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Name : samarendra kumar saha  [On Mar 20, 2012]

State : NL


Article :

Apang Aier is a cab driver. Previously he was in the Police Department, Govt. of Nagaland, India. He did not like the job, so he chucked it and now drives his own car and plies between Dimapur and Kohima. He is young, energetic and a good communicator. He does not like this job as well. He dreams of being a successful businessman and wanted my advice. Instantly I said, ‘Tourism’ and gave a lengthy lecture on eco-tourism. I also asked him to develop ‘Home stay’ facilities to the tourists and to showcase their traditional & rich cultural heritage.
I was returning after witnessing the first three days of ‘The magnificent seven’ days Hornbill festival at Kohima, Nagaland. Every year Govt.Of Nagaland organizes Hornbill festival from 1st December to 7th December. This is an annual tourism promotional event to showcase Nagaland’s traditional and rich cultural heritage in all its ethnicity, diversity and grandeur.
The Hornbill festival is a collaborative celebration of all Naga tribes at one venue and has been coined as the ‘festival of festivals’. The festival is a tribute to the great ‘Hornbill’, which is the most admired bird for the Nagas for its qualities of alertness and grandeur. The fascination for the bird symbolically displayed on almost all tribal traditional headgears worn during the festival and is indicative of the unity of the Nagas.
The Hornbill festival is a cultural extravaganza to revive, protect and preserve the richness and uniqueness of Naga heritage. For the visitors this event means for a comprehensive understanding of Naga people, their land and culture. It has now become a unique platform for the tourists to witness the cultural diversity not only for the Nagas but the seven other sister states of North east  India in all its wonder and glory.
We a group of four reached Kohima in the evening of 30th of November. Thanks to Mr.Tarun Das , one of our group members  who took the initiative to arrange for our accommodation, otherwise it is very difficult to get one during Hornbill festival as Kohima is a small town with limited Hotels & Lodges and a huge number of tourists from different parts of our country and abroad pour in to witness the colourful festival.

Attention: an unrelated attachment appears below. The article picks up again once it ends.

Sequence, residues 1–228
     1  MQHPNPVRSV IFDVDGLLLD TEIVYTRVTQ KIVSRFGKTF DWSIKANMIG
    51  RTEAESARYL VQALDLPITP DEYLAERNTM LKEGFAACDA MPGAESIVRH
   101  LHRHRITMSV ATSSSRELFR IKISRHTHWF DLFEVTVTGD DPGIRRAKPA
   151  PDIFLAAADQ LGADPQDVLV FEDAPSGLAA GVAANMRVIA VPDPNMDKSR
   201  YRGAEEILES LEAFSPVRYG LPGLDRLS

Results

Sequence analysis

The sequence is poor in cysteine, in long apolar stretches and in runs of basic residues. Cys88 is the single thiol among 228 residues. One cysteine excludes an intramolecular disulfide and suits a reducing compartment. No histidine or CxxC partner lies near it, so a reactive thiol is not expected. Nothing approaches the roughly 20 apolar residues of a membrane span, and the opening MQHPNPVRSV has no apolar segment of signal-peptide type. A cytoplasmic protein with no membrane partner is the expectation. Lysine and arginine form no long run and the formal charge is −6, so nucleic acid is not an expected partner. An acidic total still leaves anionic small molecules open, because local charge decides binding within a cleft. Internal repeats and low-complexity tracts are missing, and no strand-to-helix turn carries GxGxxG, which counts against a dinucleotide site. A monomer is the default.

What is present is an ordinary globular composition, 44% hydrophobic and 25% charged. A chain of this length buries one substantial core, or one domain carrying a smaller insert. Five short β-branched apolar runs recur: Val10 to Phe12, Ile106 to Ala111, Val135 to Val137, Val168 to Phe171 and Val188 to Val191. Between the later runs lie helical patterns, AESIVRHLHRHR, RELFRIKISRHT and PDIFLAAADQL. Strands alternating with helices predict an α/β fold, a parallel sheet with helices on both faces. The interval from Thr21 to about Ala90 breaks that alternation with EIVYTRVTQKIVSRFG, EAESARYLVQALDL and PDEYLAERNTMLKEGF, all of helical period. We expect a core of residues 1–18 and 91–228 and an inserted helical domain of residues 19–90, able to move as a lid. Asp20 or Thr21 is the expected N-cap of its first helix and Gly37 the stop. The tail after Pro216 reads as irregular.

The venue of the main festival is Kisama, a few Kilometers away from Kohima. A permanent Naga Heritage Complex has been erected here that houses traditional huts of different tribes of Nagaland and a small stadium within its periphery. Amidst the greenery, surrounded by hillocks and away from the busy town, the place chosen was ideal for the event.


The 11th Hornbill festival under the theme ‘Unity in culture- A colourful exposition’ was inaugurated by Governor of Nagaland Sri Nikhilesh Kumar on 1st December, 2011 at the Naga heritage complex. Cultural troupes from all the 16 tribes of Nagaland presented their dances and songs on the first day of the week long Hornbill festival. The 16 Tribes are- 1.Kachari, 2.Kuki, 3.Rengma, 4.Angami, 5.Chang, 6.Khiamniungan, 7.Yimchungru, 8.Sangtam, 9.Sumi, 10.Ao, 11.Chakhesang, 12.Pochury, 13.Lotha, 14.Konyak, 15.Zeliang and 16. Phom.

  Singing and dancing comes naturally to the Nagas. Emotions, events, festivals – all find expressions in the different cultural dances, folk songs and indigenous games. One finds the heart beat of the Nagas in the pulsating rhythms of its dances. In spite of the tremendous impact of modernity, Nagas continue to practice their traditional dances and songs vigorously.
Various cultural troupes from the eight states of North east India enthralled us on the second day. Folk dances depicting praise, tribute, prayers, grieves etc. to the gods of traditional folklore were performed with vigor. The main attraction of the day’s events was the North east India Drum Ensemble presented by traditional Drummers from the eight sister states. The ensemble was composed, directed and conducted by Naga music maestro Lipokmar Tzudir. The exhilarating fusion of drumming sounds of the north east left us mesmerized.